The minutes of the September meeting of the Federal Reserve’s Open Market Committee released Wednesday explained why three Fed board members had dissented from the majority’s “close call” decision to keep rates unchanged. The highly anticipated transcript provides insights into internal and external developments, illustrating the “unusual uncertainty” that policy makers must contend with.
The transcript is an important reminder of how difficult it has become to maintain a high level of conviction about the correct policy in a time of such fluidity in the economic, financial, political and institutional environment.
Here are the main takeaways, including those where there seems to be broad agreement, those where there are differences and ending with what proved to be the missing tiebreaker.
Fed officials agreed that “the labor market has continued to strengthen” and that this is highly likely to remain the case in the period ahead. As a result, economic activity is expected to continue to expand “at a moderate rate.” Policy makers also agreed that external economic conditions, including the aftershocks of the Brexit referendum, were less threatening. In addition, they stated that “global financial conditions had improved somewhat in recent months.” This anchored the view that “near-term risks to the economic outlook” are “roughly balanced.”
When looking at the details of developments in the U.S. labor market, officials correctly noted the need to take a further look at “differential patterns of unemployment across racial and ethnic groups that remained after taking education into account.” This is both warranted and important, especially given the extent to which growth (which has been too low to begin with) has been insufficiently inclusive.
The central bankers also seemed united in acknowledging a phenomenon that is now attracting greater analytical attention in many quarters: “the apparent fall over recent years in the neutral real rate of interest -- or r*.” That is a reference to the “equilibrium” rate -- the federal funds rate that neither stimulates nor restrains growth and stable inflation.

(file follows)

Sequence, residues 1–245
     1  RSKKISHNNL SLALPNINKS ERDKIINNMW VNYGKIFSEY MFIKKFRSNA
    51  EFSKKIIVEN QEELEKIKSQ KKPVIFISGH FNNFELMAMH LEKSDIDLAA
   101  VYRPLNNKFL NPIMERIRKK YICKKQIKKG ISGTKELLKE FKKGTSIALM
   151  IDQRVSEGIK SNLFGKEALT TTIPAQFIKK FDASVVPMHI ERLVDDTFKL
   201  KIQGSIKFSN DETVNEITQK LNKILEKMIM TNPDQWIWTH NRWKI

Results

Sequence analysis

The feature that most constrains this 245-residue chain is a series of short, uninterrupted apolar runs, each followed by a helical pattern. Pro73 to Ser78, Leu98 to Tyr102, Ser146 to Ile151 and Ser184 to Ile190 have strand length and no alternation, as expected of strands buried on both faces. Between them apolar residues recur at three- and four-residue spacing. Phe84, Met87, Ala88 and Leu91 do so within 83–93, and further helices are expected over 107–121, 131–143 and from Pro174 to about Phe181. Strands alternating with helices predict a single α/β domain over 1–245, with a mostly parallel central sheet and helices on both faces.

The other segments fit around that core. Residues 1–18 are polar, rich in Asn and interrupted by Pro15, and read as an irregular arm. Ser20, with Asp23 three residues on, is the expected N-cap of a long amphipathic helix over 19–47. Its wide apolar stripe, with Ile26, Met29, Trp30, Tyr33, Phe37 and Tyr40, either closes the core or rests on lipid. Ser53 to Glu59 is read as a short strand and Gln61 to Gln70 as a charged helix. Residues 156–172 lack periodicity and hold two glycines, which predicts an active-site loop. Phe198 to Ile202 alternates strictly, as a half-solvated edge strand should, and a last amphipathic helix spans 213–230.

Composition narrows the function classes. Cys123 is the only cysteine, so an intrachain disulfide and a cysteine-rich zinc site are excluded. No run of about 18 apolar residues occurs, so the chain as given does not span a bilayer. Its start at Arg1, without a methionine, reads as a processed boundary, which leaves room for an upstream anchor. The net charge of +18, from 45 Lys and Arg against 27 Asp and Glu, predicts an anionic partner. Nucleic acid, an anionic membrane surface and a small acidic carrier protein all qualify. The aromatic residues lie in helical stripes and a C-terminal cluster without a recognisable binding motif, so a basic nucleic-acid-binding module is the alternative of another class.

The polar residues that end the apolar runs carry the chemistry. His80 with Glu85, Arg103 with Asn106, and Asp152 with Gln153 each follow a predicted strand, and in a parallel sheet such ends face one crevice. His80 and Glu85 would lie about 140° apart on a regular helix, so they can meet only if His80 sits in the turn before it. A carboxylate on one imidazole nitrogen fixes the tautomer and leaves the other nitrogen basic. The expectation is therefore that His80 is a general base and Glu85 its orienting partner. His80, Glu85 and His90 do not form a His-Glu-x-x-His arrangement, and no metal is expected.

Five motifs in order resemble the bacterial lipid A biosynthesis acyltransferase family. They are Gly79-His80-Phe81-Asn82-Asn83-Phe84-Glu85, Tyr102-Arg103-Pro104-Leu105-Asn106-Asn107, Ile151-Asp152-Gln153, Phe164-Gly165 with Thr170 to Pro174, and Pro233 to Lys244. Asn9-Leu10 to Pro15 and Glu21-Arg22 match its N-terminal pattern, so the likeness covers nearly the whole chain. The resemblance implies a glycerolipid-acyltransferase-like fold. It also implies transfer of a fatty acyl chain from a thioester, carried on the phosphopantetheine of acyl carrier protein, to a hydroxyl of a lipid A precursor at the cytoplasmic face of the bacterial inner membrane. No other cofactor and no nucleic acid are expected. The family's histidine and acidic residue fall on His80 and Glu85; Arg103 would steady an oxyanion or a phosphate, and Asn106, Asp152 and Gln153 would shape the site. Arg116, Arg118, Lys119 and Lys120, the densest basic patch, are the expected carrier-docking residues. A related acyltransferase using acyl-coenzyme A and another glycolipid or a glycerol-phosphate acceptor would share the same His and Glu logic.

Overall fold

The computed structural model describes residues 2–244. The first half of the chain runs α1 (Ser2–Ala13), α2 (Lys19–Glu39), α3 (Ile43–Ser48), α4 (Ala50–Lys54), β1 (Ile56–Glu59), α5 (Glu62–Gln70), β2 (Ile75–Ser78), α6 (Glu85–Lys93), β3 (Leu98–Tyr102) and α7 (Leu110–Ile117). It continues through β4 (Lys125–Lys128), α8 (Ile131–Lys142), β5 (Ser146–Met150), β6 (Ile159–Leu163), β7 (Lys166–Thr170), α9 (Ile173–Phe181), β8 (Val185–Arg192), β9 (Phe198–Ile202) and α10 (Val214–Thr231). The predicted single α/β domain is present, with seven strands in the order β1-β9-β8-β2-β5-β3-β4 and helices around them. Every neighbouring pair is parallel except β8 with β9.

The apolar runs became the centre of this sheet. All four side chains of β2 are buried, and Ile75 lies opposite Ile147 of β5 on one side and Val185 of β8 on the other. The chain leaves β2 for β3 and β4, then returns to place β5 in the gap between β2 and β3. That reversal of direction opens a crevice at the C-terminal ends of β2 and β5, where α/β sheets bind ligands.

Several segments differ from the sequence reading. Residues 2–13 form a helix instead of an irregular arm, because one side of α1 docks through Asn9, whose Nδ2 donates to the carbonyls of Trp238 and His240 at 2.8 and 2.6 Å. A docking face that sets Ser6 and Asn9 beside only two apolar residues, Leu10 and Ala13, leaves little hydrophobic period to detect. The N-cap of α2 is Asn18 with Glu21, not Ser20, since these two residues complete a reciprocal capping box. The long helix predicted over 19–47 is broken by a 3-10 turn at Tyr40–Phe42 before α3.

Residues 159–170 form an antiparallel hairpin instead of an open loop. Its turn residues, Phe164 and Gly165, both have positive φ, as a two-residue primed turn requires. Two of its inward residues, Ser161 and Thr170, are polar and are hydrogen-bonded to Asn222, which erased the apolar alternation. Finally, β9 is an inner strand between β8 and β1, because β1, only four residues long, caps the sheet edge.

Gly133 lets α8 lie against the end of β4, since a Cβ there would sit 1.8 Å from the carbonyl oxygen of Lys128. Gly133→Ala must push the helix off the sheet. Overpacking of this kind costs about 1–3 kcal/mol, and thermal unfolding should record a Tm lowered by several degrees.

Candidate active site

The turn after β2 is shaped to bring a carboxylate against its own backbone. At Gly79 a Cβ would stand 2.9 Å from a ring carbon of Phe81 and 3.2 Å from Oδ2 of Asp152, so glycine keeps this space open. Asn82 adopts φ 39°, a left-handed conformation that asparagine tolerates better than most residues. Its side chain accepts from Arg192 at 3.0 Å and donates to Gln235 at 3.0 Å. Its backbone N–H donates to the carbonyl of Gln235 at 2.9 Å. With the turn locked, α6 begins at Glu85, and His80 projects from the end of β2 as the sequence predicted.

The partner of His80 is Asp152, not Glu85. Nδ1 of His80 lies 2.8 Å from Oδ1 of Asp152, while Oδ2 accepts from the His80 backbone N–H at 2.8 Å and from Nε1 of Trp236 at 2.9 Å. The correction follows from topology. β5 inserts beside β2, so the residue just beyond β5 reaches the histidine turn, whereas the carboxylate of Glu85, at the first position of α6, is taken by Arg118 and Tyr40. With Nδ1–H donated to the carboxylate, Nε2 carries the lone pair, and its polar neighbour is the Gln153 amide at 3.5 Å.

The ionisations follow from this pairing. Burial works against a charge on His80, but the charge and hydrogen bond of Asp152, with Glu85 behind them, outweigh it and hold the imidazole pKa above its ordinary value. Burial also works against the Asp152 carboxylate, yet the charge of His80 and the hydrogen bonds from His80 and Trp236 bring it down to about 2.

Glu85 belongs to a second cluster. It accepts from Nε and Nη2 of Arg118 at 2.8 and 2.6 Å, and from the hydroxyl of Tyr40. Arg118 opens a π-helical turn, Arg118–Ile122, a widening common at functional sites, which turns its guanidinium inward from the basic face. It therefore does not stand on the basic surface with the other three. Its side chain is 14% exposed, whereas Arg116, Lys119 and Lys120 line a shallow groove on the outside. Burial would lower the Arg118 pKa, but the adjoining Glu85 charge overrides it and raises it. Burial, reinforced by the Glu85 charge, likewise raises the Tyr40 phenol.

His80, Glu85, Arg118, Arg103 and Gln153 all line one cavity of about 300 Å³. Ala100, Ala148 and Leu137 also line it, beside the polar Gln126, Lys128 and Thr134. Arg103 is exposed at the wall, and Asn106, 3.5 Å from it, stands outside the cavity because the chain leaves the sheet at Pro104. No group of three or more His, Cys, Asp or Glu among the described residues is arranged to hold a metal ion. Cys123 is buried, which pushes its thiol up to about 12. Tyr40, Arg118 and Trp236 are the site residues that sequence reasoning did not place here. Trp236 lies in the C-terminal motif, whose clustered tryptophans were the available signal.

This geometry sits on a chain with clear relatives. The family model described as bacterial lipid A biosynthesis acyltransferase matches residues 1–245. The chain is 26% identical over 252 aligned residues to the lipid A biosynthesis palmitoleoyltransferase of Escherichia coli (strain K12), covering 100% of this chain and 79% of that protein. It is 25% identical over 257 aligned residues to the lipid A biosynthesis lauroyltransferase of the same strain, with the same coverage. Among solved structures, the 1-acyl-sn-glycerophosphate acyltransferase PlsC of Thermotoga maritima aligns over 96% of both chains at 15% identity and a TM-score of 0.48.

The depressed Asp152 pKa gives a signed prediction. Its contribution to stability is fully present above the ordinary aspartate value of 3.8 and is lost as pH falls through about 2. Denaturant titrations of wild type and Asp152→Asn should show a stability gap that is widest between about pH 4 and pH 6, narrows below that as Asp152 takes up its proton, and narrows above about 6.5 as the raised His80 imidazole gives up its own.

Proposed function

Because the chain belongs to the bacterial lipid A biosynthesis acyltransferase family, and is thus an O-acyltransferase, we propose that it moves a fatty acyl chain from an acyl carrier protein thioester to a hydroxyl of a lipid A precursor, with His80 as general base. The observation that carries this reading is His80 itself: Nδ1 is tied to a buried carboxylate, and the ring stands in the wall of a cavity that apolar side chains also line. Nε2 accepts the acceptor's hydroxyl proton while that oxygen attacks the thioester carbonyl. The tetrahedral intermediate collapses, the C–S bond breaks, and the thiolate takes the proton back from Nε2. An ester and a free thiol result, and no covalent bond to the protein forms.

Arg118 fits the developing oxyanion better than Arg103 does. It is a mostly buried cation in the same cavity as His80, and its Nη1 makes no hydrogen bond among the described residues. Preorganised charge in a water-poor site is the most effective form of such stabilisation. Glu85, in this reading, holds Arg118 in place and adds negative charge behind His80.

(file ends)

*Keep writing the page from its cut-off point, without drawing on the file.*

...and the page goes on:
However, even though officials cited contributing factors to the lowering of r*, they are said to have disagreed on the extent and durability of the fall.
This leads us to areas where Fed officials have yet to arrive at a common viewpoint.
They disagreed about the overall looseness remaining in the labor force. Some “judged that the labor market had little or no remaining slack,” while a larger number felt there was more room. The September jobs report, which came out after their meeting, does not help to resolve this difference.
The gaps in perception reflect more than the inherent difficulty of making judgments about the potential for an increase in a labor participation rate that, disappointingly, is still too close to multi-decade lows. There is also genuine uncertainty about today’s process for setting wages, especially in the context of the evolving influence of technology.
Given these differences, it should come as no surprise that “the decision at this meeting was a close call.” After all, the economic considerations are rather balanced. Indeed, as I have argued previously, it is hard to expect a tie-breaking stance to emerge. But this is not to say such a position doesn’t exist. It is just that Fed officials seem hesitant to embrace it openly.
Although the minutes contain some mention of the risk of excessive leverage, as well as the danger from higher savings due to threats to the institutional effectiveness of long-term providers of financial services (such as pensions, endowments and life insurance), Fed officials appear to have shied away from a discussion of how prolonged reliance on ultra-low rates (and negative ones in Europe and Japan) is increasing the threat of future economic and financial instability.
Had officials taken these circumstances into account, an understandably “close call” on economic considerations alone would have turned into an argument to hike interest rates, and could have been a reminder to market participants that this cycle will be unusually shallow, with irregularly paced increases and an endpoint that is far lower than historical averages.
Mohamed El-Erian is the chief economic adviser at Allianz SE. To read more of his blogs, CLICK HERE NOW.
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